When ice (water) is heated, does its temperature rise continuously?
No! The temperature of ice or water does NOT rise continuously when its heated. Let’s use the graph below to explain.
From the graph, when ice at -25 °C is heated, its temperature starts to rise (A) until its temperature reaches 0 °C (B), where the temperature stays constant. At 0 °C, the ice melts and turns into liquid water. When all the ice is completely turned into liquid water, its temperature starts to rise again (C) until it reaches 100 °C, where the temperature stays constant. At 100 °C, the liquid water boils and turns into steam (D). When all the liquid water is completely turned into steam, its temperature starts to rise again (E).
Why does temperature of water increase when heated?
When water is heated on a stove, energy is absorbed by water molecules. As these molecules absorb energy, they move about much more, increasing their kinetic energy. This increase in kinetic energy cause the temperature of water to rise. So,
Temperature is a measure of how intense the average kinetic energy is in a substance. Why average? Molecules do not move at the same speed, as a result they have different kinetic energy. Molecules that move faster have higher kinetic energy than molecules that move slower. So, temperature is a measure of how intense the average kinetic energy is. This means that a warmer material has a higher temperature and kinetic energy than a colder material.
Why does temperature of water stay constant at 0 °C and 100 °C
The temperature stays constant at 0 °C and 100 °C because the energy the molecules absorb at these points is used to break the attractive forces between them.
Why break the attractive forces between molecules?
It’s necessary so that the ice can transition to water and steam. We all know that, at 0 °C ice turns into liquid water (phase change). But keep in mind that for ice to turn to liquid water, the water molecules in ice must break the attractive forces between them such that they can slide over one another. Similarly, for liquid water to turn to steam at 100 °C, the water molecules must break the attractive forces between them such that they can move at random to fill any container.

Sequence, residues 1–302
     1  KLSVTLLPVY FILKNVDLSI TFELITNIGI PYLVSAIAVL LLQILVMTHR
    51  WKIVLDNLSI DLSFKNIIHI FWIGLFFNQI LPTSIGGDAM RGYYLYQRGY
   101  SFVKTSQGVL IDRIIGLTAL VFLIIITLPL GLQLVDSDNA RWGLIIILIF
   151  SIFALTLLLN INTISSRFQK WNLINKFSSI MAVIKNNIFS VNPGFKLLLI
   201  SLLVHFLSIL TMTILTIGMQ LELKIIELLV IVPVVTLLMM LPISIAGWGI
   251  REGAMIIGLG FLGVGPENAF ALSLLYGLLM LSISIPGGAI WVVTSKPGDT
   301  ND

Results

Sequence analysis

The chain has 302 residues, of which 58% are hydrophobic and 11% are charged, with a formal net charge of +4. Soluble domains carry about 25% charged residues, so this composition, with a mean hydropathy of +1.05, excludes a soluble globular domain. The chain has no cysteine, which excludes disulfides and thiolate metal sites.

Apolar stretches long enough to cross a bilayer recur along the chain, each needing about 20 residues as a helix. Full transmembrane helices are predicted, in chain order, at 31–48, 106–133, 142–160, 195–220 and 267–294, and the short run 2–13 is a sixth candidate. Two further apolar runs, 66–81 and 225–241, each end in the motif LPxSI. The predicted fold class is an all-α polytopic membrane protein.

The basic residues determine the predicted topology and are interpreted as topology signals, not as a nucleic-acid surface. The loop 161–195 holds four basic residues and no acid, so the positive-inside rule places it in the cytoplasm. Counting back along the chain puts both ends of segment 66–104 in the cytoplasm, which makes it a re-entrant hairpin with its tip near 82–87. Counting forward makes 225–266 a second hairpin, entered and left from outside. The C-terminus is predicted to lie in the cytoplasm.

How does kinetic and potential energy vary when ice is heated?
When ice is heated, the kinetic energy of water molecules rises. Kinetic energy rises because water molecules absorb energy and begin to move more. From the graph, regions of rising kinetic energy are: A, C, and E. However, while the ice is being heated, its temperature stops rising at 0 °C. And at 0 °C, the kinetic energy remains constants while the potential energy increases.
Why does the temperature stop rising at the melting point of ice?
It stops rising because the energy that’s absorbed is used to pull the molecules apart so that they can transition from ice to liquid water. This “pulling apart” means to break the attractive forces between water molecules so that they can slide over each other to form the liquid state. Because the temperature stays constant at the melting point, the kinetic energy also stays constant. But
Will potential energy of water molecules increase at the melting and boiling points?
Yes, potential energy of water molecules will increase, while kinetic energy stays constant. Potential energy grows because the distance between water molecules increase. And keep in mind that the energy that’s put in to keep the molecules away from each other so that they can exist as liquid or gas is what we call potential energy. We can get back this energy when we cool steam (gas) back to water (liquid) or water back to ice (solid).
What phase changes occur when ice is heated and are these phase changes physical changes?
- Melting at 0 °C, when ice turns into liquid water
- Boiling at 100 °C, when liquid water turns into steam (gas)
From the graph (heating curve of water), you can see that the region at which ice melts is shorter than the region at which water boils. This means that it takes much more energy to boil water than it takes to melt ice.
To learn how temperature and kinetic energy vary as steam cools, click here.
To learn more about the cooling curve of water click here.